“Populism is not the only way democracies die, but it is becoming the leading cause of their death, especially in Latin America. That is not a new phenomenon in the region, but it is becoming prevalent,” Levitsky added. He also pointed out that in virtually all Latin American elections in the last four years, at least one of the finalists, if not both, were candidates who presented themselves as anti-establishment and/or populists.
“Not all recently elected Latin American rulers are populists, just as not all will attack democracy, but the pattern is clear: outsiders are defeating insiders across the region, and most of them are winning with a speech that targets the establishment. History shows us that we will have more institutional crises in the future,” he warned.
Is populism a threat to democracy?
Levitsky defined populism as an anti-elitist movement in which the leader—usually a charismatic personality who communicates in a simple and direct way—accuses politicians and traditional parties of being corrupt, oligarchic, and unrepresentative of the wishes of the people, promising to sweep them from the scene in the name of an authentic democracy.
According to the speaker, populist rulers almost always pose a threat to democracy for several reasons:
- They tend to be outsiders, and outsiders do not commit to the institutions of liberal democracy;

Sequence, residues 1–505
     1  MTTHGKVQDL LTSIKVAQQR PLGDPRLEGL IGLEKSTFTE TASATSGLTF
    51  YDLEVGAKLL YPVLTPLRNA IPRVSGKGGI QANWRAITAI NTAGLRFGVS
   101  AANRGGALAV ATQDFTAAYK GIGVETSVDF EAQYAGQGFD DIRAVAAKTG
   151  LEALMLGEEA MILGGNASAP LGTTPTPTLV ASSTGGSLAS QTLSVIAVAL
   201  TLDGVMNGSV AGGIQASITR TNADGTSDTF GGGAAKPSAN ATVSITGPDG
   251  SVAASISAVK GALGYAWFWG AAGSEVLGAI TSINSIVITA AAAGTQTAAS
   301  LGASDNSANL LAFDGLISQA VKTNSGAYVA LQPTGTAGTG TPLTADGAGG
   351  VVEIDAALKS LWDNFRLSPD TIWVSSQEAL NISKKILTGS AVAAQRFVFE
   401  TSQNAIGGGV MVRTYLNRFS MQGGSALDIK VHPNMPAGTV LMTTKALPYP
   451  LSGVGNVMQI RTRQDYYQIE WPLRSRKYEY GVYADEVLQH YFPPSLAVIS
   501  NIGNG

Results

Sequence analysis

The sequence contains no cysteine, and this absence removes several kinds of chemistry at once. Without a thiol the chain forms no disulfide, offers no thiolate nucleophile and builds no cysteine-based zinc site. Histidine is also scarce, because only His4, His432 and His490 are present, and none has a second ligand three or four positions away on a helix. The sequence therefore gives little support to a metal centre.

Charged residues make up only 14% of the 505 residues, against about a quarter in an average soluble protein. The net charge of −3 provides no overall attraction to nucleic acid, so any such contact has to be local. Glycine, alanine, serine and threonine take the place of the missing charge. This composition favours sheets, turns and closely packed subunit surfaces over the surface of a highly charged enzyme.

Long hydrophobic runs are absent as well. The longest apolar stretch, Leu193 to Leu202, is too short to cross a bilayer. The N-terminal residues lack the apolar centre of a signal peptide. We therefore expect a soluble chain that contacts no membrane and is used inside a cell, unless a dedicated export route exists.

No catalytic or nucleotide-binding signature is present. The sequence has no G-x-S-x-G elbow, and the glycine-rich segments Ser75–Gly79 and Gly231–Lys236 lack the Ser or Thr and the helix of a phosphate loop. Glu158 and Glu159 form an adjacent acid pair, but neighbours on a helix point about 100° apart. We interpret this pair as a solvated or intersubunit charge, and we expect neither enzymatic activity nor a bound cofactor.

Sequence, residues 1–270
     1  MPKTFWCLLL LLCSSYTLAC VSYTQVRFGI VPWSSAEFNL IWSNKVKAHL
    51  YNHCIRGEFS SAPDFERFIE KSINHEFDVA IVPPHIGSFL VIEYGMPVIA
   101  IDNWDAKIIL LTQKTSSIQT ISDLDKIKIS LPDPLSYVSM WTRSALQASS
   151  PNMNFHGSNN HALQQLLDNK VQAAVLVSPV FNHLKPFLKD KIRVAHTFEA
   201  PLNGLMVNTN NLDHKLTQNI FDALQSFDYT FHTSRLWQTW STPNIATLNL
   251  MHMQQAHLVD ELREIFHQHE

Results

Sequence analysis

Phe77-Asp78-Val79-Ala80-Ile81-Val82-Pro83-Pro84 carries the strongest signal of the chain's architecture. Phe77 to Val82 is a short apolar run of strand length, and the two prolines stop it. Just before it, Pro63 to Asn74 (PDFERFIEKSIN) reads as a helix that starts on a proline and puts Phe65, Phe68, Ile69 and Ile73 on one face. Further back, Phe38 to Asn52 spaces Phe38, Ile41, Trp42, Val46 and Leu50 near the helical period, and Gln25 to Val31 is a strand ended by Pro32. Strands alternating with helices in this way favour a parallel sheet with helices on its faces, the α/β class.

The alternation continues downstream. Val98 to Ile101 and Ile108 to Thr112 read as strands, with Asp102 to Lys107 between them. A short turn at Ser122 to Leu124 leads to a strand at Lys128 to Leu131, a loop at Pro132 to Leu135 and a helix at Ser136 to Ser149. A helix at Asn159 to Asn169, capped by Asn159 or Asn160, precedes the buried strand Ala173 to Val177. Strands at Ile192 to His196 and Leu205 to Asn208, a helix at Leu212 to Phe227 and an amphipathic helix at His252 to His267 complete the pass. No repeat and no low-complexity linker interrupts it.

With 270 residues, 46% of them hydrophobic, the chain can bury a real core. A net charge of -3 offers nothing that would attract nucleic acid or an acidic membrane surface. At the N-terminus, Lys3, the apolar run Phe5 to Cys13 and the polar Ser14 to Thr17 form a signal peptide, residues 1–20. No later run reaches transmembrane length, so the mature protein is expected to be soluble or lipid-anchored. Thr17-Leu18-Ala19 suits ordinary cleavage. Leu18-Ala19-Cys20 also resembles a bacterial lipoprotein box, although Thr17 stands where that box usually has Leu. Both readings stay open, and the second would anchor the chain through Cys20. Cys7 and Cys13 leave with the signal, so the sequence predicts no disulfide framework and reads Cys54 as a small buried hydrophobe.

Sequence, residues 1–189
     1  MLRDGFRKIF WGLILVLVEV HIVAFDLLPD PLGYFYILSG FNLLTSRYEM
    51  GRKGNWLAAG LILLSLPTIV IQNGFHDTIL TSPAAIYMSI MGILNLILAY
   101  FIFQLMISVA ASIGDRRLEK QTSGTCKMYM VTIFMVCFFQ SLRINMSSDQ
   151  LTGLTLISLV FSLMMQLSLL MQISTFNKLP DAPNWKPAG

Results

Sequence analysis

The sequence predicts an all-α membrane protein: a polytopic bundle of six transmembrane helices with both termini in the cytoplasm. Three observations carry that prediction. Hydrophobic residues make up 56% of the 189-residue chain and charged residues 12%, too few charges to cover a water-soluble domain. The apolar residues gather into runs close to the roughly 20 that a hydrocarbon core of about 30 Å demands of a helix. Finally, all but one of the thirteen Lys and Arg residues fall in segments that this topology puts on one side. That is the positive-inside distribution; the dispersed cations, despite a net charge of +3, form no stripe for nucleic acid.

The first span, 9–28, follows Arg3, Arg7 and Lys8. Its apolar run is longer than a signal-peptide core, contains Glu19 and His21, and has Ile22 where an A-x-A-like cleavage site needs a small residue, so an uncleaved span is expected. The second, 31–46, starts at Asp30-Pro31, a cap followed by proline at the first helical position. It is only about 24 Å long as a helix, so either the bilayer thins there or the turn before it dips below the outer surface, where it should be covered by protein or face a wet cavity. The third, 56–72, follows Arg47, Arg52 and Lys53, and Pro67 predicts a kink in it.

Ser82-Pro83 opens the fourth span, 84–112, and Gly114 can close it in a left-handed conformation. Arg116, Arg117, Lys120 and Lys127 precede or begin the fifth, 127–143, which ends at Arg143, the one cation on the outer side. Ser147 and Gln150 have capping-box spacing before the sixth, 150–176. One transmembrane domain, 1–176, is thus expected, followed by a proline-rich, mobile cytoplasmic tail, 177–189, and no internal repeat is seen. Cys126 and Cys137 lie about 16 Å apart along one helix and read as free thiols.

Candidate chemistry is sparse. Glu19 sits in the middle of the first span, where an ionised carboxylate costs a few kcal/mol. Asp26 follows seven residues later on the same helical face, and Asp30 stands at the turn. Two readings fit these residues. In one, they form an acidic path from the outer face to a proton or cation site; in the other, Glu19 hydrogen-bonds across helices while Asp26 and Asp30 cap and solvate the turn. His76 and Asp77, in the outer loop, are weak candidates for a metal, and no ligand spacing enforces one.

- Unlike professional politicians, accustomed to participating in negotiations and forming coalitions, populists do not have the patience to live with the premises of democracy, such as respecting the Legislative and Judiciary Powers, dealing with the opposition, civil society, and the media;
- During their campaigns, they promise to end a system they claim to be corrupt and unrepresentative because they are controlled by a political and economic elite insensitive to the needs of the people;
- In power, they realize that they will have to live with the institutions they have intensely criticized, and those institutions are generally controlled by a political, administrative, and legal elite formed during decades of work in the manner of traditional politics.
“By receiving a very radical mandate from the polls, populist leaders have a strong incentive to attack democratic institutions head-on, whether by trying to weaken Congress, change the composition of the courts, or even rewrite the Constitution,” he said.
With the support of the population, populists often win this confrontation and end up concentrating much power for an extended period: “We saw this with Perón, in Argentina (especially in the 1940s and 1950s); in Peru, with Fujimori (from 1990 to 2000); and with Chávez, in Venezuela (from 1999 to 2013).” Nicolás Maduro, Chávez's successor, is still in power today.
The supply of outsiders and populists is increasing in Latin America